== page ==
The persistent confusion over the meaning of Jones and the neutral-principles approach has resulted in polar-opposite outcomes in materially indistinguishable cases, creating enormous — and enormously expensive — uncertainty for this country’s religious institutions. Case outcomes turn on courts’ differing interpretations of Jones and the First Amendment, not on how the parties have arranged their affairs under state law. This case could have been easily resolved under ordinary state trust and property law. Instead, the parties and the property have been mired in litigation since 2013. Several years and millions of dollars later, Petitioners seek this Court’s review.
And we know that for those who love God all things work together for good, for those who are called according to his purpose. Romans 8:28
Brothers and Sisters in Christ,
On Friday, February 9 the Diocese of South Carolina and its parishes took the historic step of filing a Petition for Writ of Certiorari with the United States Supreme Court. The requested review of the adverse ruling by the South Carolina Supreme Court focuses on addressing the key constitutional questions in that case. The U.S. Supreme Court ruled in 1979 that church property disputes may be settled by applying “neutral principles of law”. The South Carolina Supreme Court has interpreted that precedent as meaning that some religious institutions (such as TEC) are subject to standards of trust and ownership that would never be recognized under state law for anyone else. As Justice Kittredge in his opinion aptly stated, under truly neutral principles of law, “the suggestion that any of the thirty-six local churches created a trust in favor of the national church would be laughable.”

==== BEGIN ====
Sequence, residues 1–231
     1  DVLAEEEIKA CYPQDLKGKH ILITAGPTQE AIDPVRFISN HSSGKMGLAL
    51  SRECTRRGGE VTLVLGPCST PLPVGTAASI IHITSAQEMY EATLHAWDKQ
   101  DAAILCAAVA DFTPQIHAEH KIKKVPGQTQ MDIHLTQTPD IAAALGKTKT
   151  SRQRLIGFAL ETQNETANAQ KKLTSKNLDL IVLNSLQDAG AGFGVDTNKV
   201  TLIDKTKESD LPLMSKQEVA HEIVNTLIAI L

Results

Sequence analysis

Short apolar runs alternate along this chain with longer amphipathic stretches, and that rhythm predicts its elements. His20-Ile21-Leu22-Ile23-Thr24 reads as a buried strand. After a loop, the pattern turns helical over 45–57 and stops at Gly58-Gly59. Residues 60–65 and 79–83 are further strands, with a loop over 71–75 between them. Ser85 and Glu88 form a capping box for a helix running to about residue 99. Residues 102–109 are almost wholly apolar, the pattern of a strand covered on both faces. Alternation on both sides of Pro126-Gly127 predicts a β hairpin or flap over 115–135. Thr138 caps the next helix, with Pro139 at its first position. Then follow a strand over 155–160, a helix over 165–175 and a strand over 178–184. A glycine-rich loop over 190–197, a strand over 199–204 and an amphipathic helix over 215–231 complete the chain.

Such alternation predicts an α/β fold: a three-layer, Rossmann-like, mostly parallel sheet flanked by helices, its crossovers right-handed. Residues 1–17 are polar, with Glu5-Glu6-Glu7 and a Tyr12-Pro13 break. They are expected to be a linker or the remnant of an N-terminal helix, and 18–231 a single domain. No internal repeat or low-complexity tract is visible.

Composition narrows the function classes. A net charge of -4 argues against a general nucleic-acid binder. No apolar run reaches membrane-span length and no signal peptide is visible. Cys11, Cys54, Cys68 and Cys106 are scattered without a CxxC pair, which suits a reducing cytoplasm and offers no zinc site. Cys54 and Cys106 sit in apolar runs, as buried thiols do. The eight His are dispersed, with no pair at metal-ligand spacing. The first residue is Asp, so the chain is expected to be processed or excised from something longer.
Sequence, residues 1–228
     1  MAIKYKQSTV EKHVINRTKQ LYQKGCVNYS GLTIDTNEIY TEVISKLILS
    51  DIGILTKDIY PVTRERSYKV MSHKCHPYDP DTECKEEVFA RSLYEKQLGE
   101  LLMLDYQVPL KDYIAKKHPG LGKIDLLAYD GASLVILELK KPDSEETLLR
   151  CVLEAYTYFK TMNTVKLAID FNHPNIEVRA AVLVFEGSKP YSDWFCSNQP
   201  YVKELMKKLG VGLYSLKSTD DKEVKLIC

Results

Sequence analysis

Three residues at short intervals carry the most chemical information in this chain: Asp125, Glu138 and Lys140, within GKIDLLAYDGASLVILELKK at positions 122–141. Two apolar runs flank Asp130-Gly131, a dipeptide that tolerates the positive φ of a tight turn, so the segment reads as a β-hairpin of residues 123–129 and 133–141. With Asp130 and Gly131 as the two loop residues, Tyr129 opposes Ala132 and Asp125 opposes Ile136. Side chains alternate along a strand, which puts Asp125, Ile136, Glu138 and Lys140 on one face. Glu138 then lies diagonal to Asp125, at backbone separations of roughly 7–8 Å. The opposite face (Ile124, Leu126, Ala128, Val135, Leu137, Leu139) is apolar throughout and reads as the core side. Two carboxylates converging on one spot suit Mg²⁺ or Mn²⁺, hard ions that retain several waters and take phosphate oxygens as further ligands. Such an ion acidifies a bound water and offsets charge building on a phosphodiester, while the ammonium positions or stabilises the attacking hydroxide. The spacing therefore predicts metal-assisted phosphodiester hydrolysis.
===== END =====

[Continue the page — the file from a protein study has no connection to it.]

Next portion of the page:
Our Petition addresses as the central issue in our litigation the following question: Whether the “neutral principles of law” approach to resolving church property disputes requires courts to recognize a trust on church property even if the alleged trust does not comply with the State’s ordinary trust and property law.” (Petition, p. i)
As the Petition goes on to argue, the original intention of the neutral principles approach is to rely “exclusively on objective, well established concepts of trust and property law familiar to lawyers and judges.” and “embodied in some legally cognizable form.” Jones v. Wolf (1979). Strict application of this principle would mean that it could not be determined that parish property is held in trust for the national church unless such a trust satisfied ordinary state law requirements for the creation of trusts. The petition makes the point that the Jones majority expressly ruled out “compulsory deference” to national denominations, in its affirmation of neutral principles.
The plurality position in the South Carolina court unquestionably did not take this “neutral” approach. Those justices believed that requiring a national church to comply with ordinary State trust and property law would “impose a constitutionally impermissible burden on the national Church and violate the first amendment.” Courts and commentators call this the “hybrid approach” because it rejects application of ordinary state law in favor of deference to the national church’s unilateral rule and canons (i.e. the “Dennis Canon”). It is compulsory deference in effect if not in name.